“The public needs to understand that it’s beneficial to get your electricity from solar energy or wind resources and not from fossil fuels,” reports Couzo.  “This can also sustain or maintain our natural environment.”

How Wind Energy Is Harnessed

The terms wind energy or wind power describe the process by which the wind is used to generate mechanical power or electricity. Wind turbines convert the kinetic energy in the wind into mechanical power. This mechanical power can be used for specific tasks (such as grinding grain or pumping water) or a generator can convert this mechanical power into electricity.

A wind turbine is a rotating machine which converts the kinetic energy in wind into mechanical energy. If the mechanical energy is used directly by machinery, such as a pump or grinding stones, the machine is usually called a windmill. If the mechanical energy is then converted to electricity, the machine is called a wind generator, wind turbine, wind power unit (WPU), wind energy converter (WEC), or aerogenerator.

Turbines used for commercial production of electric power are usually three-bladed and pointed into the wind by computer-controlled motors. These have high tip speeds of up to six times the wind speed, high efficiency, and low torque ripple, which contribute to good reliability.

How Wind Turbines Work

So how do wind turbines make electricity? Simply stated, a wind turbine works the opposite of a fan. Instead of using electricity to make wind, like a fan, wind turbines use wind to make electricity. The wind turns the blades, which spin a shaft, which connects to a generator and makes electricity.

Herring describes the team’s design process.   “We implemented micro-turbine as a feasibility study of a 20 unit design system. Our system creates electricity. The wind hits the blades, turning the blades, which then cycles the generator,” she says. “The generator creates a current into the inverter, which translates into an alternating current.  Basically, it’s a pinwheel with a coil.”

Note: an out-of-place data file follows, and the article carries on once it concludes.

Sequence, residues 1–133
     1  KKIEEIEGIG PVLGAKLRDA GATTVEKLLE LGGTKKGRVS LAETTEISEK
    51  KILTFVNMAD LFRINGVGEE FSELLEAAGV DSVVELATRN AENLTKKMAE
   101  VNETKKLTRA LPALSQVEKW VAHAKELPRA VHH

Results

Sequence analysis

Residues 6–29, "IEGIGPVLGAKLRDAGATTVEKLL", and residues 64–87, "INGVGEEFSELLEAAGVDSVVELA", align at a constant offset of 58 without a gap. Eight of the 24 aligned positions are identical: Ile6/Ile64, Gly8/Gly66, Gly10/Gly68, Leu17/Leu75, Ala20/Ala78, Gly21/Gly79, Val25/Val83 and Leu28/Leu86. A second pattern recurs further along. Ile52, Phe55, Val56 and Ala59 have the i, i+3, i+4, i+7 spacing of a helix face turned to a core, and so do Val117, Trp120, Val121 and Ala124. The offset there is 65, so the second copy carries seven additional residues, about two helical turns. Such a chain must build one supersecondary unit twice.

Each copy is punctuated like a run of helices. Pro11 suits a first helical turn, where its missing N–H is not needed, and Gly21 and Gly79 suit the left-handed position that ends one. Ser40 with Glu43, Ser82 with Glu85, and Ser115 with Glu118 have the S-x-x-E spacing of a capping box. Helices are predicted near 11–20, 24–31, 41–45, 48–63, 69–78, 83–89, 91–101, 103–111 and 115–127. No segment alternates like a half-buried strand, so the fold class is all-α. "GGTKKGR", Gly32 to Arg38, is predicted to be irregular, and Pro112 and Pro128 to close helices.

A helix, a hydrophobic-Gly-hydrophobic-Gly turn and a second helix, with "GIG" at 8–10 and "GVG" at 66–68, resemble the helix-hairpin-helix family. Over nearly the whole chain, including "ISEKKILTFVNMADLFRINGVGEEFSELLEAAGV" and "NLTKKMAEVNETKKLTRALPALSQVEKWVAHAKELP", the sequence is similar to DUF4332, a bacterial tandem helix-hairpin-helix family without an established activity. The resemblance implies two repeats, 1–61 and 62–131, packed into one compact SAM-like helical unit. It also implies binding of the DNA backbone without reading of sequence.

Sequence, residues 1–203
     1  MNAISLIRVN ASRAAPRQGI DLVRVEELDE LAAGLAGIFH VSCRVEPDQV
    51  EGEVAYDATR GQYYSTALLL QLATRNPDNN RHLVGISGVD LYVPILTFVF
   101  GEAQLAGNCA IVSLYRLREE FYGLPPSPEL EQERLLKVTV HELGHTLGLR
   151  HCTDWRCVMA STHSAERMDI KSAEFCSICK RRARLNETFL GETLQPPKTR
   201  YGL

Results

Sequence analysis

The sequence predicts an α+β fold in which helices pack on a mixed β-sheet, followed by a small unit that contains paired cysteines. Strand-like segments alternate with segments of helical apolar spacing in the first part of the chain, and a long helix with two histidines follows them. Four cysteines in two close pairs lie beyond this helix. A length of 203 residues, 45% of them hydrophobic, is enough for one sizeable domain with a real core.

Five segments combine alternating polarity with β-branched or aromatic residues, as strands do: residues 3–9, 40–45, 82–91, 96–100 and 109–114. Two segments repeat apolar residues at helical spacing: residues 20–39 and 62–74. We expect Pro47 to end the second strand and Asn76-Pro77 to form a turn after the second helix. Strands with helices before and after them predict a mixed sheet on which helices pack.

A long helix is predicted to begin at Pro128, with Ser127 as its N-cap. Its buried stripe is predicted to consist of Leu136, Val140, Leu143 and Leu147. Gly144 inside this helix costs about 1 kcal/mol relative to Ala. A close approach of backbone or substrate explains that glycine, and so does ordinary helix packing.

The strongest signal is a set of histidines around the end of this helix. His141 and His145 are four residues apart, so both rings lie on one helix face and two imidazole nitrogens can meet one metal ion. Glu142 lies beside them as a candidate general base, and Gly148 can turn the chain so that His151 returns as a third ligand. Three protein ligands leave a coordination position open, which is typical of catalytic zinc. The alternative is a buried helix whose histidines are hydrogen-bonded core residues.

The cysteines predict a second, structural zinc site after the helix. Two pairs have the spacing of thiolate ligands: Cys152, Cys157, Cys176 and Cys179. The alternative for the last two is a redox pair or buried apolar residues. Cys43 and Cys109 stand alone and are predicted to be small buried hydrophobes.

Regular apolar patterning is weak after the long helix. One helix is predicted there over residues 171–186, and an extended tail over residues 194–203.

What’s the next challenge for these industrious engineers?  “I was hired as an energy analyst for a company generating electricity and natural gas,” remarks Couzo.  “Being an environmental engineer now offers great opportunity.  There’s a huge job market  since it’s a relatively new area of engineering.”

Adds Herring, “When you study environmental engineering, you lead the pack in a any job market. We all have starting salaries that are well above average.”


Photovoltaic Solar Arrays on the 8th St. Parking Lot and between the Davidson Laboratory and DeBaun Athletic Field

Green Buildings


  • Our Green Initiatives Committee is studying new ways to make Stevens a greener campus and obtaining LEED certification.
  • The Dept. of Facilities has initiated a green building policy.
  • Control-system upgrades and high energy-efficiency standards apply to new construction.
  • All building renovations are kept at high levels of energy efficiency.
  • Stevens measures and improves Seasonal Energy Efficiency Ratio (SEER) in all campus facilities.
  • Green roofing policy is applied to newly constructed buildings.




Wind Generator senior design project team - top to bottom - Christine Couzo, Dawn Herring and Kate Vaupel

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Dr. Leslie Brunell
Affiliate Associate Professor
Room 306
Phone: 201.216.5337
Fax: 201.216.8739


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Green Initiatives Presentation

Carbon Calculator

Engineers for Sustainable World

NJ Higher Education Partnership for Sustainability